Data Ethics Club meeting 22-05-24, 1pm UK time#

Meeting info#


Please join us for the next Data Ethics Club meeting on Wednesday 22nd May at 1pm UK time. You don’t need to register, just pop in. We’ll be reading and discussing “The Myers-Briggs Test Has Been Debunked Time and Again. Why Do Companies Still Use It?, which was written by Saumya Kalia for online culture, society and feminism news platform The Swaddle.

Thank you to Dan Whettam for suggesting this week’s content, and to Amy Joint for writing the summary below, in case you don’t get a chance to read the article itself.


The Myers-Briggs Type Indicator is a questionnaire indicating which distinct ‘personality type’ someone fits into – you might also know it as MBTI or 16 Personalities. It was first developed during World War Two by a mother and daughter aiming to help women entering the industrial workforce to find roles that fit them best. Since then, it has been used extensively in recruitment and teambuilding settings, making the Myers-Briggs Company £20 million annually.

Companies often receive far more applications to jobs than an individual hiring manager can consider, so look for legal ways to screen out candidates which does not constitute discrimination against protected characteristics.

Beyond recruitment, the personality test is used to coach people in making career decisions based on their personality, to convince people they were born to do their current role, or to show them that their individual personality type is an important part of their wider team. However, the test has been debunked over and over again – including the idea that someone can be born inherently either extrovert or introvert, intuiting or sensing, thinking or feeling, and judging or perceiving. There is little evidence that results are useful in determining managerial effectiveness, building teams, or providing coaching. Test results are often inconsistent when repeated. People’s reliance and draw towards these “Sorting Hat”-like systems can be put down to the human need for systems that explain things simply, and for the need for work identities and personal identities to fit together.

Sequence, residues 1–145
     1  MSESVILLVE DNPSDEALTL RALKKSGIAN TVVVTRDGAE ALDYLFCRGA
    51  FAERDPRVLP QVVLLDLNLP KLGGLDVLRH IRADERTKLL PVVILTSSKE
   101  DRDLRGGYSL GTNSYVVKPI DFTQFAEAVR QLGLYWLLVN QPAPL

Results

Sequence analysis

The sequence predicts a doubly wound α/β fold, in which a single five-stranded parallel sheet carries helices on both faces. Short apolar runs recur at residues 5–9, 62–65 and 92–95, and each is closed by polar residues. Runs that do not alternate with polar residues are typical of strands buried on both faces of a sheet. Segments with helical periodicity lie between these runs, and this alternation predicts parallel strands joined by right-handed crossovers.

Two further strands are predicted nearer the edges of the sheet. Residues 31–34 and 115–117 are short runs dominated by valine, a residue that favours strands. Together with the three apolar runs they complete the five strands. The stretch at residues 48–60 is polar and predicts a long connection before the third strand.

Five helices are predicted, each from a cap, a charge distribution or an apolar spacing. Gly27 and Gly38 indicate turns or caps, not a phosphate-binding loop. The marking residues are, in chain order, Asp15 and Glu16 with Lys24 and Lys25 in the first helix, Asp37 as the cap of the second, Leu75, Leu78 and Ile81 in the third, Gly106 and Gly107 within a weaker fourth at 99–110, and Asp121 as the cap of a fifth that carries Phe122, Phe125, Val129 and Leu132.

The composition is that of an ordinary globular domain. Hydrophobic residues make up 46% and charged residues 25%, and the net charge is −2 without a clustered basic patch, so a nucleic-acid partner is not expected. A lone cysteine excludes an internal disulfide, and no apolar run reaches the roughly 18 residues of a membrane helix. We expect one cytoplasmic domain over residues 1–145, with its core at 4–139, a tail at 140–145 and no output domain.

Considering the test was conceptualised to help women slot into a heteronormative, cis-gendered, patriarchal workplace in the 1940s, companies using this test today risk feeding this into existing bias within the workplace. By categorising people into one of 16 boxes, the test risks artificially limiting people on what they feel they are good at or can achieve, without the flexibility to admit they are still working out their strengths and what they are interested in professionally.

Discussion points#

There will be time to talk about whatever we like, relating to the article, but here are some specific questions to think about while you’re reading:

  • What are the consequences (positive and negative) of relying on personality type testing in the recruitment process?

  • How do personality tests contribute to bias when used within existing organisations and teams?

  • Are there ethical considerations for how organisations might store and use MTBI/personality typing data beyond the original tests? What duties do employers have for using these responsibly?